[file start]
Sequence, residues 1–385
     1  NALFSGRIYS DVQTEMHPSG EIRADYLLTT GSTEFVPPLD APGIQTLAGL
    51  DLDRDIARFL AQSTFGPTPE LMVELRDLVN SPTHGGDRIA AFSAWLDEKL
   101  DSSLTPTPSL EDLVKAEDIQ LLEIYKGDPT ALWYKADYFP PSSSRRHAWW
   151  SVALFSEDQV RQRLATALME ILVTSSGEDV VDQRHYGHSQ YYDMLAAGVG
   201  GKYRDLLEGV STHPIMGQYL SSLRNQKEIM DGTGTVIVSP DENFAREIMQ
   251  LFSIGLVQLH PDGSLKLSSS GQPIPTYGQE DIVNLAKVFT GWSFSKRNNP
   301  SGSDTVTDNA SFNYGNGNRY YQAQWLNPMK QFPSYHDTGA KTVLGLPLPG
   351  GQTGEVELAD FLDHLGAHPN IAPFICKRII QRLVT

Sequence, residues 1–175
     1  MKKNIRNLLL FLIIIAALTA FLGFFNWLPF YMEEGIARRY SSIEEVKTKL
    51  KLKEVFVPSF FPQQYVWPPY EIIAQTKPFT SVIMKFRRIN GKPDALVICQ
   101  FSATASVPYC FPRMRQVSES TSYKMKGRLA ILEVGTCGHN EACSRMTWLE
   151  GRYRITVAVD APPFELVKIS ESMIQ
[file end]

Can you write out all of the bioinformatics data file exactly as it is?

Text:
Sequence, residues 1–385
     1  NALFSGRIYS DVQTEMHPSG EIRADYLLTT GSTEFVPPLD APGIQTLAGL
    51  DLDRDIARFL AQSTFGPTPE LMVELRDLVN SPTHGGDRIA AFSAWLDEKL
   101  DSSLTPTPSL EDLVKAEDIQ LLEIYKGDPT ALWYKADYFP PSSSRRHAWW
   151  SVALFSEDQV RQRLATALME ILVTSSGEDV VDQRHYGHSQ YYDMLAAGVG
   201  GKYRDLLEGV STHPIMGQYL SSLRNQKEIM DGTGTVIVSP DENFAREIMQ
   251  LFSIGLVQLH PDGSLKLSSS GQPIPTYGQE DIVNLAKVFT GWSFSKRNNP
   301  SGSDTVTDNA SFNYGNGNRY YQAQWLNPMK QFPSYHDTGA KTVLGLPLPG
   351  GQTGEVELAD FLDHLGAHPN IAPFICKRII QRLVT

Sequence, residues 1–175
     1  MKKNIRNLLL FLIIIAALTA FLGFFNWLPF YMEEGIARRY SSIEEVKTKL
    51  KLKEVFVPSF FPQQYVWPPY EIIAQTKPFT SVIMKFRRIN GKPDALVICQ
   101  FSATASVPYC FPRMRQVSES TSYKMKGRLA ILEVGTCGHN EACSRMTWLE
   151  GRYRITVAVD APPFELVKIS ESMIQ